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Global Economy

by: Desiree Lynch

Global Economy ANTH 1000

Desiree Lynch
GPA 3.7

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In this lecture we go over Global Economy and how it impacted the colonialist countries and the colonized countries. Lots of key terms and definitions that are important to remember are on these n...
ANTH 100: Other People's Worlds
Dr. Elle
Class Notes
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This 3 page Class Notes was uploaded by Desiree Lynch on Monday November 9, 2015. The Class Notes belongs to ANTH 1000 at University of Connecticut taught by Dr. Elle in Fall 2015. Since its upload, it has received 71 views. For similar materials see ANTH 100: Other People's Worlds in anthropology, evolution, sphr at University of Connecticut.

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Date Created: 11/09/15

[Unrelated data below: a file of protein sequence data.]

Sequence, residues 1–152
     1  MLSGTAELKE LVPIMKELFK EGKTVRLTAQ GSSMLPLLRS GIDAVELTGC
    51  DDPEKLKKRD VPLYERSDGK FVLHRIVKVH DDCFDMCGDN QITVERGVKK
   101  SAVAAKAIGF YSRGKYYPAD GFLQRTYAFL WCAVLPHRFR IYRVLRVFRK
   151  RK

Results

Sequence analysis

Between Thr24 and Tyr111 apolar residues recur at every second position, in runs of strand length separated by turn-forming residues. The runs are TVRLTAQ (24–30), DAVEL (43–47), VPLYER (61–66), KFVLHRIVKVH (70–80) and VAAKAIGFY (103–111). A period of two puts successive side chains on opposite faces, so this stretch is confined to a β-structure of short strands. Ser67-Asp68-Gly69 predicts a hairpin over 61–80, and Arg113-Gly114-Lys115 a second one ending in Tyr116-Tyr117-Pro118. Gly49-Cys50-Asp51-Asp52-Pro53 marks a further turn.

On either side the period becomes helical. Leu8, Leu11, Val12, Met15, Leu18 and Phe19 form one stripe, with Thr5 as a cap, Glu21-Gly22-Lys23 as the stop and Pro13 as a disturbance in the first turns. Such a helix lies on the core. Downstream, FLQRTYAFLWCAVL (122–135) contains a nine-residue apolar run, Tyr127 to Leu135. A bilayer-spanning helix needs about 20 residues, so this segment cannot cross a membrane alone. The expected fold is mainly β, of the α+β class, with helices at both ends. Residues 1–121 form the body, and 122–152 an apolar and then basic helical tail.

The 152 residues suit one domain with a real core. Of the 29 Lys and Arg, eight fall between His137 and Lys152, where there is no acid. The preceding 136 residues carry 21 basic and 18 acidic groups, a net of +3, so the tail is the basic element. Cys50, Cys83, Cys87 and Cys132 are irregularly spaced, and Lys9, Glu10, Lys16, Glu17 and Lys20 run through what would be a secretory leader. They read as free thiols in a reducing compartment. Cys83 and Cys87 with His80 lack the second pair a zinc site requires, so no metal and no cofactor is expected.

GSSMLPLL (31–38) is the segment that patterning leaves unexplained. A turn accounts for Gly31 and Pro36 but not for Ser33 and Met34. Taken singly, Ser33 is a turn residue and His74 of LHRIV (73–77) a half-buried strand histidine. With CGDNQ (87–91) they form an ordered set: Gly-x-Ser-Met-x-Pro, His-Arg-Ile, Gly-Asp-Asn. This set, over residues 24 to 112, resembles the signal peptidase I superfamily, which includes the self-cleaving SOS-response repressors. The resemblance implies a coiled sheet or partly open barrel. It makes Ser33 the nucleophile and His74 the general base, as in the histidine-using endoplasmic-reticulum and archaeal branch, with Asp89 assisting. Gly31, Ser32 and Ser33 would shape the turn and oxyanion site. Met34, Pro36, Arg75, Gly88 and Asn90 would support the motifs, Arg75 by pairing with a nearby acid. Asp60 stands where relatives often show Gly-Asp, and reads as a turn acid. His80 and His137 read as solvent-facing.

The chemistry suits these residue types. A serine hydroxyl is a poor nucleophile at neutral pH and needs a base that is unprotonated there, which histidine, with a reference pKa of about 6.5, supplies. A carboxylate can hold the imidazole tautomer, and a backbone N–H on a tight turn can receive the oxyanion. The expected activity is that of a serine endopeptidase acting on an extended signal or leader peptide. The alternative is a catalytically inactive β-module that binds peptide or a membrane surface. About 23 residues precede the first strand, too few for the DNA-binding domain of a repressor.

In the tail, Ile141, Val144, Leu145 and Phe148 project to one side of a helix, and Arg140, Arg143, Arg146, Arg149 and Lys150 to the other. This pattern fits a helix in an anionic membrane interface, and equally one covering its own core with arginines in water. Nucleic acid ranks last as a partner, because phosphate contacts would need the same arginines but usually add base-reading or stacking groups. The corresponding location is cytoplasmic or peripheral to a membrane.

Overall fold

Anthropology Notes- Global Economy A complex network- sense of connection it brings between people. How many people have actually used the money you have on hand now? Hundreds of thousands of exchanges every day. Anthropology views economy differently. We tend to think economy as currency, but economies are cultural systems of adaptation to an environment. Three key stages:  Production- Pertains to how necessary goods are produced. When talking about production, anthropologists often focus on food production.  Distribution- Involves how produced goods are distributed among the people who needs them. The way in which culture handles production and distribution have major impacts on da-to-day life. We usually see distribution as people who can afford to buy their food rather than it just being given out.  Consumption- You eat the food, you wear the clothes, etc. If you do not consume the goods then you cannot survive. Adaptation practice- if you don’t survive, the culture dies. Five primary strategies to produce food. Foraging, horticulture, agriculture, industrialized agriculture, Pastoralism 1. Foraging- hunting and gathering. Majority of humans on this planet at one time lived as hunter- gatherers, hunting meat and gathering plants. Reality, both men and women participate in food gathering. The gather actually produces the greatest number of calories. Rough lifestyle, sometimes on the verge of starvation (but this is uncommon). But because it is a flexible diet, allows you to go to places where there is an abundance of food. 2. Pastoralism- involves raising domesticated animals as a primary food resource. Large range of domesticated animals are raised by humans such as chickens, goats, sheep cattle, etc. Pastorlists usually engage in trade and barter with horticulturalists. 3. Horticulture- raising domesticated plants through non-intensive means a primary food source. Simpler than agriculture and generally produces less food. 4. Agriculture- supports much larger populations, defined as the intensive production of domesticated plants. Agriculture intensification can be achieved through many means including: Irrigation systems, building raised fields in swampy territory, building terraces in hilly areas, etc. We don’t have mobility when it comes to agriculture. Begins the stratification of class- people have jobs assigned to them for agriculture. 5. Industrial Agriculture- modern machinery takes intensified agriculture to industrialized agriculture. Helps larger population with fewer people growing food- small group grows a majority of the communities’ food source. We make pesticides and other inputs to increase the food production, but is this safe? Debate on whether or not we should have this power over the growth of food. Rise of organic food but it can’t sustain the population as industrialized agriculture can. Distribution and Exchange  Market exchange- concept of bringing goods together for the sake of exchange. Created and operated on barter system. Markets developed, the mediums of exchange have become more standardized.  Reciprocity- is that if I do something for you, I expect that you will in turn do something for me. Helps kinship relationships when they are highly reciprocal- encourages long term relationships. Three types of reciprocity: Generalized, balances, and negative. 1. Generalized reciprocity- reflects exchanges where value is not closely monitored, and the timing and value of reciprocal exchange is left open. 2. Balanced reciprocity- represents a more formalized and regularized form of reciprocity. The value of the items exchanged is more carefully scrutinized and reciprocal exchanges are expected in short order (example being buying drinks for each other). 3. Negative reciprocity- when you are looking to get something for less and someone is trying to sell you something for more. You are trying to maximize your economic benefit and not your social benefit (black Friday sale- you don’t care about your relationship with the clerk).  Redistribution- Involves the collection of goods by a central authority (usually a chief or other kind of ruler). Once collected these goods are later redistributed back to the people. Too frequently we find that powerful political or social institutions maintain support through forms of redistribution (example being governments offer protection from outsiders for the price of taxes). What are the roots of today’s global economy?  Easy long-distance trade routes: have connected Asia, the Middle East, Europe, etc.  The silk road- connected Asia, Africa, the Middle East and Europe into one enormous trade network. There was a big push by Europe to find more direct trade routes and more sources of gold and silver so they could sell more  Columbus was looking for trade route to china for cheaper access- failed, but found silver mines in both Mexico and South America. Spaniards encountered the Inca Empire and led to them conquering the Americas.  60-90 percent of the people living in the Americas died of diseases and led to the conquering of those countries. From this they overcame the economic dominance that China had.  Colonialism- 1500 AD- 1800 AD various European nations are trying to colonize all corners of the globe because that meant they had more resources. There’s a battle for land and therefore a division of land.  Triangle Trade: the routes traveled by European ships from Europe, to Africa, to the Americas, and back to Europe. Sole purpose was to collect people to sell as slaves in the Americas. These slaves are sold into labor to create more goods to sell in Europe.  The industrial revolution- European industry is mechanized. Hugely important for economic domination because it allowed improvements on transportation for cotton and could be shipped back.  Competition under capitalism- began to have conflict over the colonies, who had access to certain regions of wealth. When there was conflict they drew different lines based on European diplomacy.  1884-85 Berlin conference- 14 nations came together to discuss the colonies. Divided Africa into 50 colonial states. Not a single African representative was at this conference.  Anticolonial Struggles- these colonials were tired of being sources of labor and resources and began national independence movements. Many colonized nations won independence after WWII when European nation couldn’t afford to focus on rebelling colonies. Many colonized countries declared as independent Modern world economic system and how it effects these newly independent colonies- they didn’t do well in the economy even though they have an abundance of resources. Could not rebound economically.  The modern world economic system- modernization theory: development and industrialization represented a natural path of economic development.  Dependency theory- in contrast, held that the former colonies had become dependent on the aid that they were being given and the only way to for them to emerge as stable, independent nations, was to dismantle the system of foreign aid. Blamed the people for their economic failure (based off racism) Similar to Lewis’ Cultural Poverty theory (poor because minorities were lazy and unmotivated).  Core and Periphery- Immanual Wallerstein published a new analysis of the Modern World Economic System. Said Core countries represented the economic powerhouses. 1. Majority of core countries are former colonial powers and peripheral countries were former colonies. We cannot think of countries as isolated economies any longer. We have to think globally of economic issues. We have to think of the role of the corporation- they aren’t responsible for any particular people.  From Fordism to Flexible Accumulation- return to what Marx was talking about when he was discussing the disconnect between the laborer and the actual product. Fordism returns the connection between the individual to the product- the idea was to create consumers out of the employees (raised wages so they could afford the product they were making). This worked but began to fall by the wayside because of oil shortages and costs needed to be cut.  Outsourcing Jobs- factories being moved overseas because it’s cheaper and closer to raw materials. Don’t have to be as worried about the working conditions or the well-being of the workers- they also don’t have to be paid as much. Modern world economic system is populated by nations and corporations.  Capitalism, Economic, Liberalism, and the Free Market. 1. Adam Smith- argued that free market capitalism is the ideal- government should not interfere with the economy 2. Maynard Keynes- believed in Fordism- capitalism is prone to excess and corporations and that there should be a balance.  Keynesian widely adopted by European nations to rebuild their economy after WWII, Roosevelt relied on Keynes ideas when crafting his “New Deal”. Economy falters in the 70’s, and thus Smith’s idea is adopted:  Leads to Neoliberalism- modern philosophies of economic liberalism, built on Adam Smith’s initial concepts, are referred to as Neoliberalism. Favors small governments with minimal regulation. Favors the privatization of public property. Advocates that these assets should be sold to private investors.